But political differences certainly contributed to his fallout with West, the EGOT-winning singer says in a new interview with the New Yorker. While Legend (real name: John Stephens) credits the rapper with popularizing his "lofty stage name," the pair have clashed over politics in recent years. In April 2018 West famously shared Legend's texts urging him to "reconsider aligning [himself] with Trump," and last year accused him and fellow rapper Big Sean of "sellout s***" for supporting the Democrats rather than backing West's own 2020 presidential bid.
It was the latter issue, not the disagreements about Trump, that bothered West more, Legend, 43, tells the New Yorker. The singer says his remarks during an August episode of David Axelrod's The Axe Files — in which he said, "I honestly think because we publicly disagreed on his running for office, his supporting Trump. I think it became too much for us to sustain our friendship." — were misconstrued.
"Yeah, what it got described as was, we stopped being friends because he supported Trump, which was a mischaracterization of what I said," Legend now says. "That was kind of the Rupert Murdoch version of the story — it was all over the New York Post and Fox News.
"What I was saying was that he was very upset with me that I didn’t support him running for president, and that was the real impetus for us having a strain in our friendship," the "All of Me" singer clarified. "I don’t know what will happen in the future, but he was very upset with me that I didn’t support him and I supported Joe Biden. It’s up to him whether he can get past that."
While West, 45, made his feelings plain in an interview last November — "I don’t rock with neither of them and I need my apologies," he said of Legend and Big Sean, whom he described as "scared" — Legend says he's tried to take a gentler approach.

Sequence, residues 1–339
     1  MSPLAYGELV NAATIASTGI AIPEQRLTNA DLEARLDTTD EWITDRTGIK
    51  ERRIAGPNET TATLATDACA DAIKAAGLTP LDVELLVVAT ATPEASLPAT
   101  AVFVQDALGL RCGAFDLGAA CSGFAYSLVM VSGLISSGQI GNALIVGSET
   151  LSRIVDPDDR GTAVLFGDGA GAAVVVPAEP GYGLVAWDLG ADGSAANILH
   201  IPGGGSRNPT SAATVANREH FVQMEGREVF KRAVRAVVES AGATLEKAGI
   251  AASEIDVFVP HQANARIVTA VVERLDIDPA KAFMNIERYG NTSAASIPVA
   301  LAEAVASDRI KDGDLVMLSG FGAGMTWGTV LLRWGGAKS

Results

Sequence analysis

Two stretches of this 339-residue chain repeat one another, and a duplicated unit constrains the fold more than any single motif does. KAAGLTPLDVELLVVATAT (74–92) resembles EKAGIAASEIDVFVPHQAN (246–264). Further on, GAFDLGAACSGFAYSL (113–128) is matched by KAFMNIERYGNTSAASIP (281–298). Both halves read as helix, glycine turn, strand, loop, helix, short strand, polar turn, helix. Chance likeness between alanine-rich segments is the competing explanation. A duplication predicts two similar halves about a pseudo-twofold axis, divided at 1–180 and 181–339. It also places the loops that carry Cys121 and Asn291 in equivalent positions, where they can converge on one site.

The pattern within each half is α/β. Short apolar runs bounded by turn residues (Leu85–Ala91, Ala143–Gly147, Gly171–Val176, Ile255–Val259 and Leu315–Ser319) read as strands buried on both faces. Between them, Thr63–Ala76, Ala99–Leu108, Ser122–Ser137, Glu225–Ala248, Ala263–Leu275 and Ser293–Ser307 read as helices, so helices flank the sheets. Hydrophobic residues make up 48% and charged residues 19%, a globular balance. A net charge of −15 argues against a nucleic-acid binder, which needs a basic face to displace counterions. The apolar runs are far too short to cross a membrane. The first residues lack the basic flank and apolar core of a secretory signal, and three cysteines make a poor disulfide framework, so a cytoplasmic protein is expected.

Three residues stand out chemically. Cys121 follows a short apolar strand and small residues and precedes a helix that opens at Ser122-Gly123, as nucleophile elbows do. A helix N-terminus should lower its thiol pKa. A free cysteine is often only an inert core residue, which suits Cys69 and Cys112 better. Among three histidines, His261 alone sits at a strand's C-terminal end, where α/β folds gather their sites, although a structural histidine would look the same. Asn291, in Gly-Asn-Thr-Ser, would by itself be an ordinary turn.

"Everyone saw how I talked to him about it," he said, referencing his 2018 texts to West. "I talked to him with love and with empathy, and tried to help him see another way of looking at things. And obviously he went the way he went with it. The most frustrating thing about his run for the presidency for me was how much it was an operation run by the Trump campaign. I don’t know how aware he was of the fact that there was so much Trump personnel throughout his campaign, raising money for him, getting petitions signed for him, getting him on the ballot. I saw their work on his behalf as a clear scam and an operation to try to siphon Black votes away from Biden, so there was no way I was going to support it. Kanye was upset with that, and we haven’t been friends since, really."
Legend expressed his struggle to "penetrate" voters like West who sees things in a dramatically different way.
"Clearly, I haven’t been successful in that particular regard!" he said of trying to connect with his former producer. "Most of my political work has been about encouraging people who are already inclined to think close to where I am to go out and vote and get involved. I don’t know how you persuade someone who believes differently than you do. And some of those beliefs are really strongly held. I have a lot of religious people in my life, for instance, and it’s hard to know how to convince someone when it feels like you’re speaking in an entirely different language."
He added, "I don’t want to live a life that’s so consumed by politics that it’s the sole determinant of who can be my friend and who can’t. But values matter and character matters and moral compass matters."